Authors:Vanderburg et alAbstract:The Kepler mission has revealed a great diversity of planetary systems and architectures, but most of the planets discovered by Kepler orbit faint stars. Using new data from the K2 mission, we present the discovery of a five planet system transiting a bright (V = 8.9, K = 7.7) star called HIP 41378. HIP 41378 is a slightly metal-poor late F-type star with moderate rotation (v sin(i) = 7 km/s) and lies at a distance of 116 +/- 18 from Earth. We find that HIP 41378 hosts two sub-Neptune sized planets orbiting 3.5% outside a 2:1 period commensurability in 15.6 and 31.7 day orbits. In addition, we detect three planets which each transit once during the 75 days spanned by K2 observations. One planet is Neptune sized in a likely ~160 day orbit, one is sub-Saturn sized likely in a ~130 day orbit, and one is a Jupiter sized planet in a likely ~1 year orbit. We show that these estimates for the orbital periods can be made more precise by taking into account dynamical stability considerations. We also calculate the distribution of stellar reflex velocities expected for this system, and show that it provides a good target for future radial velocity observations. If a precise orbital period can be determined for the outer Jovian planet through future observations, it will be an excellent candidate for follow-up transit observations to study its atmosphere and measure its oblateness.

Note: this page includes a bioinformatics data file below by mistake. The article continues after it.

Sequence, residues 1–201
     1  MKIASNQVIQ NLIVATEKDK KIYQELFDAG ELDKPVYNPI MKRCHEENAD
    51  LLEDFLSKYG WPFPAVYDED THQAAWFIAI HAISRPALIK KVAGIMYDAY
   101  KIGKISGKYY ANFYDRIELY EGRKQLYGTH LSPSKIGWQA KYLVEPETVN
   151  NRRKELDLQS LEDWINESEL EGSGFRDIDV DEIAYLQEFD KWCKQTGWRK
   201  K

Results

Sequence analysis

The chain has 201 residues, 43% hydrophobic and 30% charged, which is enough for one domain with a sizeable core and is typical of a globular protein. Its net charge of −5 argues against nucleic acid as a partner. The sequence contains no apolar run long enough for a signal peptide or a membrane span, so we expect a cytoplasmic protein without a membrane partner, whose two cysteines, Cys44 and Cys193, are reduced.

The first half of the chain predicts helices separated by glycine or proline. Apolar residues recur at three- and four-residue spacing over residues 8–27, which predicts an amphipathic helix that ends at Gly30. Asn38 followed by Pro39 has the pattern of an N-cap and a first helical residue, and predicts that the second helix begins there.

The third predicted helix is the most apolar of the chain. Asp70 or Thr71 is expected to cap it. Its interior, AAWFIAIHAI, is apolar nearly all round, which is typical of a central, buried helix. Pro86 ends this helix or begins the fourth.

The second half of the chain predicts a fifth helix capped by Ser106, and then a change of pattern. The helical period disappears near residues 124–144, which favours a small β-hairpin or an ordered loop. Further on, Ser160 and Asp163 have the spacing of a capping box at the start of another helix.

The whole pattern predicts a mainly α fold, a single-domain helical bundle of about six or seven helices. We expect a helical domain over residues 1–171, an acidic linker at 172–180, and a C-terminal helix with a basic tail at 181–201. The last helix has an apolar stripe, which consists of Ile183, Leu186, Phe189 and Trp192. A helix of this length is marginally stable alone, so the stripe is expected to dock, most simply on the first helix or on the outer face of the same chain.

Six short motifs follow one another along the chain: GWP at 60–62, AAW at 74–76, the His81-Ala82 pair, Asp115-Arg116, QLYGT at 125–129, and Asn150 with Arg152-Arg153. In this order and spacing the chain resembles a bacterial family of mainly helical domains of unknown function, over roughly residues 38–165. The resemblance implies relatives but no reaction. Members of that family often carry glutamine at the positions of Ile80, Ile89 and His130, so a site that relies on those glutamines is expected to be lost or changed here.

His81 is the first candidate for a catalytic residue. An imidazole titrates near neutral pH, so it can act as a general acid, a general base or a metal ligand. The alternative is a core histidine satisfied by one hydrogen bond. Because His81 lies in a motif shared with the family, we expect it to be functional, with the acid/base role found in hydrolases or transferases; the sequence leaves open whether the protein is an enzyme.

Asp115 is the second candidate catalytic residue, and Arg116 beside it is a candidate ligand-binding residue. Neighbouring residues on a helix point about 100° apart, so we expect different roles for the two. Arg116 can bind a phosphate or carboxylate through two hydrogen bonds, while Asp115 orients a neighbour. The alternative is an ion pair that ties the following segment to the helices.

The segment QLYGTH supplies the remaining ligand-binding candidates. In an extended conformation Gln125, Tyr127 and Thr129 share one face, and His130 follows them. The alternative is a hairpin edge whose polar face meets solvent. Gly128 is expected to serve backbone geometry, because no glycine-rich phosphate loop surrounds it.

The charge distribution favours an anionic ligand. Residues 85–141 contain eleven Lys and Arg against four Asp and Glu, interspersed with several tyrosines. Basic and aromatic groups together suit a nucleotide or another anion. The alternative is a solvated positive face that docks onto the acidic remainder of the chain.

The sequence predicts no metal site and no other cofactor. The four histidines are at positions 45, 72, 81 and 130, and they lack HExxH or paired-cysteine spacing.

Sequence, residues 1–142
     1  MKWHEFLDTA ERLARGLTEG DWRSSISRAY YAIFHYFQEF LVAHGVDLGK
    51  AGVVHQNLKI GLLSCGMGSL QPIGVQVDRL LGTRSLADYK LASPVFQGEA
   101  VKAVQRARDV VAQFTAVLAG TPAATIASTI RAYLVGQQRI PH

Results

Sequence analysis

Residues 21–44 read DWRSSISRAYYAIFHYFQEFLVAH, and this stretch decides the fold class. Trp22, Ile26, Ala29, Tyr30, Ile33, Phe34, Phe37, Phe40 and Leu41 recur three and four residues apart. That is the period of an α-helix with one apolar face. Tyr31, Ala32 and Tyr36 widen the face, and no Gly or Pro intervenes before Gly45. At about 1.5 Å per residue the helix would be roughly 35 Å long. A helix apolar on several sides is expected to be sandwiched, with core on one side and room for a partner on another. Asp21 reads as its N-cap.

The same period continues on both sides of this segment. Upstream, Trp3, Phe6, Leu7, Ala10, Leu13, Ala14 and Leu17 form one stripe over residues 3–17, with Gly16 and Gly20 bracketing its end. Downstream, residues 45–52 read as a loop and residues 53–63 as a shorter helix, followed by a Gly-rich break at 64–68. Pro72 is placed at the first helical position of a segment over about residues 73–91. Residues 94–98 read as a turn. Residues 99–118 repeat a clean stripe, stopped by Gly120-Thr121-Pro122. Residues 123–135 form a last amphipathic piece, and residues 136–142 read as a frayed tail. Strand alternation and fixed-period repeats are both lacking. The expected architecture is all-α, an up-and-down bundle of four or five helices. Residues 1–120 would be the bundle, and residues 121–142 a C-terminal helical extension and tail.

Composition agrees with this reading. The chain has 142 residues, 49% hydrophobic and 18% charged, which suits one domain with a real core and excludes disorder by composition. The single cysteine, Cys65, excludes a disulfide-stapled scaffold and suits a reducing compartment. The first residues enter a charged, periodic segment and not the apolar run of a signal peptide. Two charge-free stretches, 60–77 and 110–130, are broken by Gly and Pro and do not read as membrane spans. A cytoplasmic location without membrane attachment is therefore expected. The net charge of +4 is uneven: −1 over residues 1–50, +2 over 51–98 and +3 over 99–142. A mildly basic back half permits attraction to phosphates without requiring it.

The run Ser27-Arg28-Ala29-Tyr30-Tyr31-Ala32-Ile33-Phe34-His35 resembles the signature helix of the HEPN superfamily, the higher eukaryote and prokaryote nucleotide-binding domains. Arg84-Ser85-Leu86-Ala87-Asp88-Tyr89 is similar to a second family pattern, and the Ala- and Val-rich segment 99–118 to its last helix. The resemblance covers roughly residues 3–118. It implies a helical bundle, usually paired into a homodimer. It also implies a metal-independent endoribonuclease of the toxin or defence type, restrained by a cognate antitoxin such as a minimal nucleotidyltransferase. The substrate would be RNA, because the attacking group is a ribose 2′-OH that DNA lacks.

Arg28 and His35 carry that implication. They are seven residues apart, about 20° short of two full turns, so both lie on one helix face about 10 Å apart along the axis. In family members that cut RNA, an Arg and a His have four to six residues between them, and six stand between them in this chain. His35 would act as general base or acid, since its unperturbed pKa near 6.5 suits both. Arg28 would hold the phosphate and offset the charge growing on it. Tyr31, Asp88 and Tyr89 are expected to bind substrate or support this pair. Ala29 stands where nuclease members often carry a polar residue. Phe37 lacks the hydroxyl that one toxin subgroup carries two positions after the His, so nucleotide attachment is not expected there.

Wednesday, September 28, 2016
HIP 41378: an F Class Star Hosting 5 Transiting Exoplanets
Posted by Will Baird at 12:00 PM
Labels: gas giants, giant planets, HIP 41378, mini neptunes, multi exoplanet systems, orbital resonances, transit detection
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